October's top stories: Victorian government's $980m funding, Scotland's QEU hospital
The government of Victoria in Australia has provided additional funding of A$1.38bn ($980m) for public hospitals, construction has started on Glasgow's Queen Elizabeth University Hospital in Scotland and NCC secured a SEK625m ($76m) contract to build a new Högland Hospital in Sweden. Hospitalmanagement.net wraps up key headlines from October.
The government of Victoria in Australia provided additional funding of A$1.38bn ($980m) in the 2015-16 state budget for public hospitals in the region.
The funding will support hospitals in Victoria to meet increasing demands of a growing and ageing population, expand and improve services and care, as well as reduce waiting times.
All 78 statements of priorities with Victoria's hospitals for 2015-16 were published by the government and they outline key priorities and agreed performance targets.
A study led by the University of Edinburgh in the UK showed that a blood test can more than halve the number of people admitted to hospital with a suspected heart attack.
The test, developed by Edinburgh researchers, measures blood levels of a protein called troponin that is released by damaged heart cells.
It is noted the higher the level of troponin present, the more likely it is that a person has had or is likely to go on to have a heart attack.
Swedish construction firm NCC secured a SEK625m ($76m) contract to build a new Högland Hospital in Eksjö on behalf of Regionfastigheter in the south Swedish highlands.
Work under the project is expected to begin in February 2016 and will be completed in May 2019.
The hospital will have nine new operating theatres, an intensive care unit, a paediatric and adolescent centre, an orthopaedic centre and a nursing unit.
Construction started on a new £16m Imaging Centre of Excellence (ICE) at Glasgow's Queen Elizabeth University Hospital in Scotland.
The University of Glasgow clinical imaging centre is aimed at improving the treatment of stroke, cardiovascular and brain diseases.
The centre will have various imaging technology, including a £7m 7 Tesla MRI scanner, allowing scientists to conduct new clinical research.
Cardiff and Vale University Health Board (UHB) installed Vernacare's Vortex human waste disposal units across its University Hospital Wales site in a bid to eliminate infection risk.
The Vortex disposal unit is designed for simplicity and ease of use combined with maximum efficiency, the company said.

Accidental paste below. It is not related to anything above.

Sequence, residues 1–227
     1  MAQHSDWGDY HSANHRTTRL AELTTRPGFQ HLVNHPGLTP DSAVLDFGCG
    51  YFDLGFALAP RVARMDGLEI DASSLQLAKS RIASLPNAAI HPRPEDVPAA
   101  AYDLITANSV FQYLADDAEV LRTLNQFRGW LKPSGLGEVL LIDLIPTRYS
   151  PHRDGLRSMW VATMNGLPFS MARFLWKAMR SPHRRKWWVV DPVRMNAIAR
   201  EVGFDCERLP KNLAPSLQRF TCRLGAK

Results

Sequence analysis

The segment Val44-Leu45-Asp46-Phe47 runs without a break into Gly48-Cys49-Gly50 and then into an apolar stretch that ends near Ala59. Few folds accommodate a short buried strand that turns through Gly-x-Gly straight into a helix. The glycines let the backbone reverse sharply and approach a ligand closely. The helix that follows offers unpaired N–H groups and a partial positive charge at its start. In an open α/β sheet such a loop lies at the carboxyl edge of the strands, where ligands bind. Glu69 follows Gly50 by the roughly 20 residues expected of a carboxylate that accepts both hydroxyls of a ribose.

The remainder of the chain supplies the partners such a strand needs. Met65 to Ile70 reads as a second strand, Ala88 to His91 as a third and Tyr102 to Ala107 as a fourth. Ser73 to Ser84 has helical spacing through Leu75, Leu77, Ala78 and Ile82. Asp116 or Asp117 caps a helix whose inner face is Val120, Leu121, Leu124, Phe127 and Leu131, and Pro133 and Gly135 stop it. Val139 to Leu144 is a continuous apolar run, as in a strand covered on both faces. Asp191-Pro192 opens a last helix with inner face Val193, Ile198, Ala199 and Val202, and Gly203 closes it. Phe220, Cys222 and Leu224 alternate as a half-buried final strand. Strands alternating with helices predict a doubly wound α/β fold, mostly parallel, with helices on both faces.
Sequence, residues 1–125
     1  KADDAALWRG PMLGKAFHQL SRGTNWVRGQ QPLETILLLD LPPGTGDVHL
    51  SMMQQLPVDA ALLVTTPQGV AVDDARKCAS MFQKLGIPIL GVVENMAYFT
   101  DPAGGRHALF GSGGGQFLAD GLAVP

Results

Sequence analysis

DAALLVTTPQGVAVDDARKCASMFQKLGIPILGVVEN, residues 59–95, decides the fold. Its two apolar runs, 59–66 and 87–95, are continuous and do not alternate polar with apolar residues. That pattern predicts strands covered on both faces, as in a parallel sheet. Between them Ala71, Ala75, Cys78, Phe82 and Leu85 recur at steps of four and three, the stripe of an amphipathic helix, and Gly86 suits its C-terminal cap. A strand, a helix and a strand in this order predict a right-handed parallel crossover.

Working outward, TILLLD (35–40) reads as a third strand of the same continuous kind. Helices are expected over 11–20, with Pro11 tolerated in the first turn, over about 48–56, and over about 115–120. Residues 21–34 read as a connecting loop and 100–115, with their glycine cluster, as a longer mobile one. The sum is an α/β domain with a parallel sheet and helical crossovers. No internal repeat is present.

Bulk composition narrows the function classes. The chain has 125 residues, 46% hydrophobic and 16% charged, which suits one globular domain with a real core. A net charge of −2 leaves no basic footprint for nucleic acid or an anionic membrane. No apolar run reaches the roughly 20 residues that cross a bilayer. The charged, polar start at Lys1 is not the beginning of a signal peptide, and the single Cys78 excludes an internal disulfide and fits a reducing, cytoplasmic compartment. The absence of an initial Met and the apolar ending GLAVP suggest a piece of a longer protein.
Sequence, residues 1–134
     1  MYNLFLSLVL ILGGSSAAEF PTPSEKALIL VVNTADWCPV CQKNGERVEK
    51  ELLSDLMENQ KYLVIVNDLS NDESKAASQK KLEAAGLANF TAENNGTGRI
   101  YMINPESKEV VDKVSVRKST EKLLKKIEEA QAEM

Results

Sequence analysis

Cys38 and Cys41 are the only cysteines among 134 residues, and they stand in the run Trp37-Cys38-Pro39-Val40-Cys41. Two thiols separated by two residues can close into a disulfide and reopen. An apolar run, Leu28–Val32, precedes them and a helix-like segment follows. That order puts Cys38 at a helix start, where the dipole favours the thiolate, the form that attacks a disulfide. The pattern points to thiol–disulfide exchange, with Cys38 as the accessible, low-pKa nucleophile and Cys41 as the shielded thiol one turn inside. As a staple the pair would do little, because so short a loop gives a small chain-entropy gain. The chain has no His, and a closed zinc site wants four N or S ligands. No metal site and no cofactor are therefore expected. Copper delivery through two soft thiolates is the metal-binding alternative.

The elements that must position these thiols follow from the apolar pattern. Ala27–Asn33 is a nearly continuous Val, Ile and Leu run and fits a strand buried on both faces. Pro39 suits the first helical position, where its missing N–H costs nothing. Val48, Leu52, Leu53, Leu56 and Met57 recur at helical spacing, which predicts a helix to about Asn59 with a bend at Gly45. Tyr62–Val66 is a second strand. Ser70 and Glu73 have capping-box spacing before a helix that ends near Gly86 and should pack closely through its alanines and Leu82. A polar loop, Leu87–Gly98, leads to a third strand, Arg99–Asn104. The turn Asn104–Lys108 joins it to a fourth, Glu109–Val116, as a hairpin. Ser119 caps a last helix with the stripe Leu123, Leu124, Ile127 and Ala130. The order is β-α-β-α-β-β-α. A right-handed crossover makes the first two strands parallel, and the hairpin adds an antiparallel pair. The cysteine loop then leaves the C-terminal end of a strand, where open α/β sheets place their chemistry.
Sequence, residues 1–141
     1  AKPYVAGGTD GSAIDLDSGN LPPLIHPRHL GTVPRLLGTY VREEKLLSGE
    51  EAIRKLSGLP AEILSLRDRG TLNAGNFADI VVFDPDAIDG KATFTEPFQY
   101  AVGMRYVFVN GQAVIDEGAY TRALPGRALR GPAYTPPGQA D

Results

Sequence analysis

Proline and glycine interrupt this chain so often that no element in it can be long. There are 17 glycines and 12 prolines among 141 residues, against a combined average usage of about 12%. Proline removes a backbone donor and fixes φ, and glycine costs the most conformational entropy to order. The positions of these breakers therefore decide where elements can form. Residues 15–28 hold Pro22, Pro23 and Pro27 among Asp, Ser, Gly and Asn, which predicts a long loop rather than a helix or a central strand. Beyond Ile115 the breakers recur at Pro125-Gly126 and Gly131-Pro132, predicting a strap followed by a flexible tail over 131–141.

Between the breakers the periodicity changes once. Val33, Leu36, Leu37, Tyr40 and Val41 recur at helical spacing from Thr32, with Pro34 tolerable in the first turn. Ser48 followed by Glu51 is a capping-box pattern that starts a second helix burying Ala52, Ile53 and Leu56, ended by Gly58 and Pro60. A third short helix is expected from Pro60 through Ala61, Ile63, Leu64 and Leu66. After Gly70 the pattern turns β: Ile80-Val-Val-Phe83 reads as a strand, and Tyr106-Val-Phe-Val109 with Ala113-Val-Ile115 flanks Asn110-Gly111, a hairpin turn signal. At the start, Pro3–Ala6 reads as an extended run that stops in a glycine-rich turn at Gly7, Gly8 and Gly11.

The hospital is using Vernacare's single-use urinals, bedpans and other containers, which are disposed after usage in the machines to reduce the cross-infection risk in patient toileting and washing.
British construction company Galliford Try secured a £72m contract for the construction of the new East Lothian Community Hospital in Haddington, Scotland.
The company's Morrison Construction business was appointed as the preferred contractor by Hub South East Scotland on behalf of NHS Lothian for this project, with construction expected to start next year.
Galliford Try's facilities management business also secured a £32m contract to provide ongoing facilities maintenance and lifecycle management to the new hospital over a 25-year period.
Central Middlesex Hospital implemented Acoustic Radiation Force Impulse (ARFI) technology on an ACUSON S2000 ultrasound system from Siemens Healthcare to deliver full liver assessments in one day.
By using this technology, the hospital, which is part of London North West Healthcare NHS Trust, reduced the number of liver biopsies, the current gold standard method for assessing liver disease.
With this technology, patients were able to have a full liver assessment in a single hospital visit, whereas previous pathways could take up to three visits.
Safety was found to be a major concern in the UK's NHS Trust, with one in ten hospitals and adult social care providers (13%) lacking in this aspect, the Care Quality Commission (CQC) said in its annual report.
In addition, 6% of primary medical services were also found inadequate for safety and 61% of the hospitals required improvement.
Inadequate safety occured from various factors, including a failure to properly investigate and learn from incidents and errors, low staff numbers and staffing mix, failure to undertake safety checks and staff not being able to raise concerns.